A small group of Federal Liberal ministers have come up with the idea that people who are addicted to drugs can be punished into recovery. After years of trying, they have managed to get their agenda into draft legislation, and unless we stop it, it will become law.
You probably heard about the drug testing trial for welfare recipients, and that’s part of it. They also want to make it harder for an even larger group of people with substance use disorders to stay on welfare. The result will be that people who are already disadvantaged will get pushed further into poverty.
There’s probably no changing the government’s mind at this point, but we can get their legislation defeated in the Senate. The first step is to get Labor to oppose it. (The Greens are already there.)
On Monday August 7, Labor MPs will be getting together to discuss their position. There’s no doubt plenty of Labor MPs know this legislation is a terrible idea. But it’s likely that they will go with ‘community sentiment’, and right now they haven’t heard enough from people who oppose the legislation.
They need to hear from you!
Call your MP Monday morning to tell them that they shouldn’t back the Liberal’s agenda. Their cruel and chaotic plans were developed without consulting anyone with actual expertise in helping people overcome addictions.
Maximise your impact by sending an email now and following up with a phone call on Monday morning. What a great way to start the week! Let’s get those phones ringing off the hook.
If your local MP is from the Labor party, call or email their office direct. You can check what party your local MP is from and find their contact details here: http://www.aph.gov.au/Senators_and_Members/Members
If your local MP is from another party, call or email Labor leader Bill Shorten. His email is Bill.Shorten.MP@aph.gov.au and his Parliament House office phone number is (02) 6277 4022
It’s best if you use your own words when you call or email, and focus on making a few clear points. To get you going, there’s a quick explainer on what this group of Liberal ministers is trying to get through, and why it’s a terrible idea.
What are the government’s proposed changes?
There are three proposed changes to the Social Security Act that will impact people trying to rebuild their lives in the face of alcohol and drug problems. All three measures are based on the false premise that people can be coerced or punished into recovery.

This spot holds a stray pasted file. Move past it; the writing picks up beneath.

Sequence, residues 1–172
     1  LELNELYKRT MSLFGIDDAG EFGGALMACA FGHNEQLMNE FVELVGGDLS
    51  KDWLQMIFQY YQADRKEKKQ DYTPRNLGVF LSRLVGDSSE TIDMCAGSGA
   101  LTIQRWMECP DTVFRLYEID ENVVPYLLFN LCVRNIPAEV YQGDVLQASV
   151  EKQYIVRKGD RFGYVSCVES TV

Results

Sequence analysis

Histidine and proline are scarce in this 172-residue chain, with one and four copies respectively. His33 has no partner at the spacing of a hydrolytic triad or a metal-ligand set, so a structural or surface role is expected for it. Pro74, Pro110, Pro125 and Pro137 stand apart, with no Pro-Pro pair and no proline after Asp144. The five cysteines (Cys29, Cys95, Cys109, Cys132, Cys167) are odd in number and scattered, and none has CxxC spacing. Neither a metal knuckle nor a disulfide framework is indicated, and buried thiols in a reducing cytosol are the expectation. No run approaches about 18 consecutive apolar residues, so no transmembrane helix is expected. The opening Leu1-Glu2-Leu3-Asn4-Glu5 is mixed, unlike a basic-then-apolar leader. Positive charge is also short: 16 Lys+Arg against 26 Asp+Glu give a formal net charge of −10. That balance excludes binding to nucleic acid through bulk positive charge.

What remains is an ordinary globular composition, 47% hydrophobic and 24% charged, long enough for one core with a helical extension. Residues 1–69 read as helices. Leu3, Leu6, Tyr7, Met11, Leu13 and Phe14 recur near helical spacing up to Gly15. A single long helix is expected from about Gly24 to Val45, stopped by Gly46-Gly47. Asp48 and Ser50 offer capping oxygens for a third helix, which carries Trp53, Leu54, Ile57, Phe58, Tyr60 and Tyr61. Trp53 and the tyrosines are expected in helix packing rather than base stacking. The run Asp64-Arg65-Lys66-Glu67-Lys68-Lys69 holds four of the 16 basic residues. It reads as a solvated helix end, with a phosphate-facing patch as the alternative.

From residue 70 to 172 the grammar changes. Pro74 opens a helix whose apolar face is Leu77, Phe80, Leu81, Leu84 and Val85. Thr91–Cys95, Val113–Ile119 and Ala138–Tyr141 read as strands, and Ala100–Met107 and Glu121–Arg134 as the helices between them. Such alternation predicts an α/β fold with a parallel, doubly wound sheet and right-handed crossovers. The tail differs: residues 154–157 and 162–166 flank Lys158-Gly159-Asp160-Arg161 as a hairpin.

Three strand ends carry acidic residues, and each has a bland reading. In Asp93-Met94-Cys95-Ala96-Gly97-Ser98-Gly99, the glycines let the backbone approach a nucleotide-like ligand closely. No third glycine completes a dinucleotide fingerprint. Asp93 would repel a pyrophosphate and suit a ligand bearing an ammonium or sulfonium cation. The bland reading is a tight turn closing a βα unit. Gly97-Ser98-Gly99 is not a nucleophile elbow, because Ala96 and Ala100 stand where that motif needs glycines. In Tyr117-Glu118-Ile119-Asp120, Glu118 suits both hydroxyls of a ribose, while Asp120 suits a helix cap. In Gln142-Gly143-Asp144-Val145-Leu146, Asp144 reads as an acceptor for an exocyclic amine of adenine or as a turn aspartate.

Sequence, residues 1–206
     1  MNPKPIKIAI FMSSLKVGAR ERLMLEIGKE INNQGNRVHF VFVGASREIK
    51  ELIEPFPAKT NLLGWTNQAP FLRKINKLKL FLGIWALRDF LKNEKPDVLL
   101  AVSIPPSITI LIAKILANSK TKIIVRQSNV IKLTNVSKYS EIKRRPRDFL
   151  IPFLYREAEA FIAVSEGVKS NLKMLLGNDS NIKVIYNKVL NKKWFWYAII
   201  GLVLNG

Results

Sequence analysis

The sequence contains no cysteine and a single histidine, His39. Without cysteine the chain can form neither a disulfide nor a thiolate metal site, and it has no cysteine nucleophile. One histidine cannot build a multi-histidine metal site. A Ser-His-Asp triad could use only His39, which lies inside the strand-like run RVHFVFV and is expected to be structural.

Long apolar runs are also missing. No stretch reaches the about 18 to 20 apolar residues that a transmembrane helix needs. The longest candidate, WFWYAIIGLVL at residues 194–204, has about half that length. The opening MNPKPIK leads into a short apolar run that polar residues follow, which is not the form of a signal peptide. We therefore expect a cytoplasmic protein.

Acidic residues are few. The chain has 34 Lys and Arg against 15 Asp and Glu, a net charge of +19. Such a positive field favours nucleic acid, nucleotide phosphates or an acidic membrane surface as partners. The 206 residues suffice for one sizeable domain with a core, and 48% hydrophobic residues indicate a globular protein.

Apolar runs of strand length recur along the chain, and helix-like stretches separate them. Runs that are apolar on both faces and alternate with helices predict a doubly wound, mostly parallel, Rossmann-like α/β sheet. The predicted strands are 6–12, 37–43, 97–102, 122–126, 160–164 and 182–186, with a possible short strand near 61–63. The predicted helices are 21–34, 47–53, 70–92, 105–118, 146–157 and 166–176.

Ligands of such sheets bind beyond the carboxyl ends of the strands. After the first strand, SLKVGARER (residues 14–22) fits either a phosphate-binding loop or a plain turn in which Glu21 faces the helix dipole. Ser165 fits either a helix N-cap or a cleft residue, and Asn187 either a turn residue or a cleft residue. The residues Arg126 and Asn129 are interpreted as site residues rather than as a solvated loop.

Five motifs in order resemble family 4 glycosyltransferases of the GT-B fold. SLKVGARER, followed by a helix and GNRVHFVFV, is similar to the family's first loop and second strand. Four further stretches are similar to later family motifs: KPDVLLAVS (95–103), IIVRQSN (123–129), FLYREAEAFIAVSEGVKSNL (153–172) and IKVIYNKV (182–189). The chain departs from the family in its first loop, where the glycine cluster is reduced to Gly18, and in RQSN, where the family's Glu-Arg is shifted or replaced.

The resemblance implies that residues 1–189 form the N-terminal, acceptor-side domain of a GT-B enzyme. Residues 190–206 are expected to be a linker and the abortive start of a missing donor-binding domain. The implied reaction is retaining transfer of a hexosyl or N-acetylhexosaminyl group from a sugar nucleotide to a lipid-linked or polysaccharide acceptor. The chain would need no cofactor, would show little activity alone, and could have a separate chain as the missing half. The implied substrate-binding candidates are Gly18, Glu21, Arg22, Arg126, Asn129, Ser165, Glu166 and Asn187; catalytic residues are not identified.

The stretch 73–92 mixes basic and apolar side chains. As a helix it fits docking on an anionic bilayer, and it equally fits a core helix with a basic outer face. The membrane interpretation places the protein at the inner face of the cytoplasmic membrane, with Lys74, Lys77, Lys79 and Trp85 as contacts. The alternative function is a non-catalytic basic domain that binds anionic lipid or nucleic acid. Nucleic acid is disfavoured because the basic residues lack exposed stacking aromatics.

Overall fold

Establishment of a two-year mandatory drug testing trial: Anyone enrolling for Newstart Allowance and jobseekers enrolling for Youth Allowance will be forced to agree to undergo drug testing as a condition of payment. 5,000 people in three selected regions of Australia will then be summoned to Centrelink offices and forced to take a drug test. Anyone who did not agree to be tested would have their income support payments cancelled immediately.
Removal of exemptions for drug or alcohol dependence: Currently, the government provides income support payments to people unable to apply for jobs or do training or study due to their status as someone suffering from severe alcohol or drug dependency. Under changes to the Welfare Reform Bill, the government would cut income support for people with alcohol or other drug dependencies unless they are able to meet prohibitive compliance requirements. The government would also cut support to people incapacitated by sickness or an accident caused by alcohol or other drug issues.
Changes to reasonable excuses: People who fail to comply with government requirements due to their status as someone suffering from alcohol or drug dependency would be offered treatment. If they refuse treatment, and did not comply with government requirements a second time, the government would suspend their income support.
What does the evidence say?
A wealth of scientific evidence and clinical experience has proved that people suffering from severe alcohol and drug problems cannot be punished into recovery. Pushing people into poverty will only undermine their chance of recovery.
Mandatory drug testing has already been trialled and abandoned in multiple countries around the world – including New Zealand, the UK and some states in the USA. These trials have found that the process is costly, counterproductive and inflicts harm on people who are already suffering.
The government failed to consult with addiction medicine specialists over the policies. They have not been given the chance to share their concerns and expertise.
Alcohol and drug issues are a serious healthcare problem – not an indication of some sort of personal failing. The policies put forward in the 2017 Budget fail to recognise this fact.
If this government genuinely wants to help people struggling with drug and alcohol problems, Parliament should redirect public funding away from harmful, expensive drug testing trials and expand referral pathways to treatment services.